In a year dominated by the Senate spending scandal, a saga which continued to flare as the government and its Conservative senators kept throwing gas on the fire, there were other significant federal developments in 2013.
But not many.
And those that would have otherwise dominated news coverage for days were reduced to mere hours on the news cycle because of the Senate monster and the ongoing saga of Mike Duffy, Nigel Wright, Patrick Brazeau, Mac Harb and Pamela Wallin.
A midsummer cabinet shuffle injected some youth into Stephen Harper’s inner guard, a ‘consumer-friendly’ throne speech was unveiled and a giant trade deal with the European Union was signed – all three landed with a thud and became an instant afterthought in the face of the Senate story.
The following, in my view, were the five dates that had to be circled in federal politics in 2013, all moments which will continue to play out in 2014 but helped define the year about the end.
Jan. 11 — As protesting members of Canada’s First Nations crowded in front of the door, Prime Minister Stephen Harper sits down with Assembly of First Nations Chief Shawn Atleo in the Langevin Block, taking the heat away from the Idle No More movement and an ongoing liquids-only fast by Attawapiskat Chief Theresa Spence. Atleo says Harper committed to move urgently on aboriginal concerns, but the sense of a breakthrough is illusory.
At year’s end, First Nations communities in British Columbia are set to do battle over the giant Northern Gateway pipeline and Atleo is still fighting with the Conservatives to close the gap in funding for aboriginal education reform and give natives control of their own education. A year later, native discontent is merely on simmer and could blow any time.
April 14 — Justin Trudeau is elected Liberal leader and the Canadian political landscape is shifted.
Trudeau gave a moribund party oxygen, and more. Whether it was his robust endorsement of marijuana legalization, his musings on Chinese dictatorship or the roots of terrorism, he made news and kept Liberal fortunes at the top of the news cycle for good or bad, mostly good.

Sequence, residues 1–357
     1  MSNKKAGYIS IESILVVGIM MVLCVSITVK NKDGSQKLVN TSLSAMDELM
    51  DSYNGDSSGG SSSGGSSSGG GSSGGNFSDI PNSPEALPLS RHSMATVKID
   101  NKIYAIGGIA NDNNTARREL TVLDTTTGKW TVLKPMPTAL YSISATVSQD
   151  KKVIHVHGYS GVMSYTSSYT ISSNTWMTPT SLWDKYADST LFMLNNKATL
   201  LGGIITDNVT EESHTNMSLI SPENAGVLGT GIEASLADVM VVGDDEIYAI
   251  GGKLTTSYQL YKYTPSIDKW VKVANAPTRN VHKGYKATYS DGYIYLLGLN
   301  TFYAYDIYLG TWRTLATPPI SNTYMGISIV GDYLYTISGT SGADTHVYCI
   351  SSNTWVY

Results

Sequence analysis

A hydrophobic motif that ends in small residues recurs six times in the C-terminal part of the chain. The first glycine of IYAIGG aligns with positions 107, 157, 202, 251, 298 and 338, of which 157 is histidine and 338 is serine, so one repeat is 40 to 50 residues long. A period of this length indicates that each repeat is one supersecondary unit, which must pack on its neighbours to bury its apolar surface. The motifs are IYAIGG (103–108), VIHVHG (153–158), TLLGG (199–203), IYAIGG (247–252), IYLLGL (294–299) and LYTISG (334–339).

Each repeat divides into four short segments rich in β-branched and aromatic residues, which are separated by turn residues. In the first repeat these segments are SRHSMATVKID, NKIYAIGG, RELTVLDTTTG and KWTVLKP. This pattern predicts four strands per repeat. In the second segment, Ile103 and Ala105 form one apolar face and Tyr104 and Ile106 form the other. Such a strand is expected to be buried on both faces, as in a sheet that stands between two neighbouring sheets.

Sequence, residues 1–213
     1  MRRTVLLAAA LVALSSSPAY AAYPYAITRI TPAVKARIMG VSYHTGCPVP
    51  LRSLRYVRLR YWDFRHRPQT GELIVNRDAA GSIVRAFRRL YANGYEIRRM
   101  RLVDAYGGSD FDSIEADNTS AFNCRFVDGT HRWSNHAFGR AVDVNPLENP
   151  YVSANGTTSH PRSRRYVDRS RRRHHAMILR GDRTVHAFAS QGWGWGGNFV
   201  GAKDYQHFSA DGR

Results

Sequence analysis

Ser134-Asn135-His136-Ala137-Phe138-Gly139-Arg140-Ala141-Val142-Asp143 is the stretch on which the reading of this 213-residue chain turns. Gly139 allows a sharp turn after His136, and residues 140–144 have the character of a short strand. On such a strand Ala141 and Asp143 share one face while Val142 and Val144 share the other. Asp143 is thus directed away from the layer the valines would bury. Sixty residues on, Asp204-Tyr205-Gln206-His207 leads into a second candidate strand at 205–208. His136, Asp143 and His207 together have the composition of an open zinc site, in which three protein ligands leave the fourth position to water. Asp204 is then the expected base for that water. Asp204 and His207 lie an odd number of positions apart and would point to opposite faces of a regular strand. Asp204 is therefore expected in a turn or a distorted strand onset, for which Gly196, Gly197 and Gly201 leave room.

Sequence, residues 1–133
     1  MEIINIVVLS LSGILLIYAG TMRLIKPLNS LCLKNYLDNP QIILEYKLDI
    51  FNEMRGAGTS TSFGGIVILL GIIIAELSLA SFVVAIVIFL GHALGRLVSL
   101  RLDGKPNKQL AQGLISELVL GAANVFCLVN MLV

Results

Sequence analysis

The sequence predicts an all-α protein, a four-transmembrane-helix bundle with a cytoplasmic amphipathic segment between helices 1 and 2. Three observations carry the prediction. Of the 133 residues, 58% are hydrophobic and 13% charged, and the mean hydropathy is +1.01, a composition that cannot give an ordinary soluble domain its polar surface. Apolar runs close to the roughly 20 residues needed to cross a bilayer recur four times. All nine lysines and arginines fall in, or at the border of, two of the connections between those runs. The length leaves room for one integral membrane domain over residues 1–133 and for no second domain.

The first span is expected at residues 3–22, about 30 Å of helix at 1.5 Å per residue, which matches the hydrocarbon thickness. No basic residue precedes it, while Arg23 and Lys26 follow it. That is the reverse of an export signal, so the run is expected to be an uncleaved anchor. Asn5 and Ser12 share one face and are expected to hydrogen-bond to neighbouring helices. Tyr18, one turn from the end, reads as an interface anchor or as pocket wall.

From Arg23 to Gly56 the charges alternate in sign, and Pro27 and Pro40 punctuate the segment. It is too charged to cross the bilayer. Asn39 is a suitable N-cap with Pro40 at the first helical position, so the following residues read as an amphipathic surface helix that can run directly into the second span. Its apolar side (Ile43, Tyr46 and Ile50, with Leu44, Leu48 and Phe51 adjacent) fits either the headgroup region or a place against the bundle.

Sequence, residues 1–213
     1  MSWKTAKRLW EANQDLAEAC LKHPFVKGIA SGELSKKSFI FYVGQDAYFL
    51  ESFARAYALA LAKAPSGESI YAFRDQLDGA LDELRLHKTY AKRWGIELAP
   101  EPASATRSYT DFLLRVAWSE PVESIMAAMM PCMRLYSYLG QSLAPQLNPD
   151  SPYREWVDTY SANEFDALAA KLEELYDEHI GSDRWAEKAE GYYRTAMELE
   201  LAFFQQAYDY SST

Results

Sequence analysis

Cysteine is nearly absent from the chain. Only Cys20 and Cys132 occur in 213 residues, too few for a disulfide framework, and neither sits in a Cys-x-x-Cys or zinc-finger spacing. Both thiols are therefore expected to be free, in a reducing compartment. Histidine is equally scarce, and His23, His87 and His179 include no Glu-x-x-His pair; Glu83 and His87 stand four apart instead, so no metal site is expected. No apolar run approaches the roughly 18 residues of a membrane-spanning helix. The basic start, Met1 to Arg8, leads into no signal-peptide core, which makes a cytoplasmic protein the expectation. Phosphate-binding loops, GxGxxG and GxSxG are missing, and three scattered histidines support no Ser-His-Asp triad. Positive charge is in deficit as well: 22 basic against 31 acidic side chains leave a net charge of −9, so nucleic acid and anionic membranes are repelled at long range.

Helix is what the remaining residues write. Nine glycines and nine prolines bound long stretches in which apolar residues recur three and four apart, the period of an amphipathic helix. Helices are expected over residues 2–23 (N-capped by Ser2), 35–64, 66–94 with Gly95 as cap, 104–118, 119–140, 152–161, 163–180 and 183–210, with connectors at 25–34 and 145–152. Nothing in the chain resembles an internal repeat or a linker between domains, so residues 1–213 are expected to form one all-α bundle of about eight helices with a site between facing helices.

At year’s end, Trudeau is leading the polls, which mystifies on a couple of levels. It is a testament to style, because it appears Trudeau merely needs to show up somewhere to win support. But instead of appealing just to younger voters, he has strength among older voters — those who actually vote. At year’s end, the Liberals are the only federal party with a net gain over a year ago.
However, the further we move away from his installation on the national stage, the more likely those mysterious forces which keep him aloft could be clipped.
May 14 — CTV reports Harper’s chief of staff Wright personally bailed out Duffy by writing a cheque to the Conservative senator that was used to repay more than $90,000 in improperly claimed Senate living expenses. In the immediate wake of the report, Harper’s office tried everything to defend Wright, including suggesting he was doing a favour to a friend (Wright was actually incensed with Duffy) to arguing he was helping the beleaguered taxpayer.
Neither worked and Wright resigned (or as Harper later said, was dismissed) on the Victoria Day weekend.
The report set in motion seven months during which the spending scandal dominated all news from Ottawa and severely damaged Harper’s credibility and authority.
Oct. 17 — The Senate Conservative majority seeks to suspend Duffy, Wallin and Brazeau (Harb had already resigned) but the move backfires because during the debate, which stretches into November, the trio use the forum to toss further allegations, including lies, broken deals with Harper’s office and treatment by other senators onto the fire.
The debate devolves into a tacky version of high school confidential at times, but it gives Duffy enough time and space to fling a series of allegations back at Harper, forcing the prime minister to endure what is likely the worst two-week period of the year.
In the end, the Senate gets the job done, but does so by ignoring due process, embarrassing itself in the process and making its own argument for abolition.
Nov. 20 — An RCMP court filing seeking further email traffic and documents in the scandal alleges Wright and Duffy committed bribery, fraud on the government and breach of trust. None of the allegations have been proven in court, but more importantly the ITO — Information to Obtain a production order — delivered an unprecedented trove of correspondence between Wright and other members of Harper’s PMO, leading to further allegations about Harper’s involvement, potential audit tampering involving the Deloitte investigation of Duffy’s expenses and the level of involvement and pressure placed on the Senate by staffers in Harper’s office bent on whitewashing a Senate report on Duffy.
It raises questions about Harper’s knowledge of the initial plan to make $32,000 of party funds available to Duffy to repay the expenses and the involvement of another senator, Irving Gerstein, the party’s chief fundraiser who controls the party fund.
Apart from the original revelation of Wright’s payment to Duffy, no document provides more details about the shady deal-making and ethical transgressions taking place right under Harper’s nose.
A move by a heretofore ethically chaste chief of staff to make a problem go away turned out to be the story of the year and the Duffy bomb is a sure bet to be a major political player in the new year.
Tim Harper is a national affairs writer. His column appears Monday, Wednesday and Friday. firstname.lastname@example.org Twitter:@nutgraf1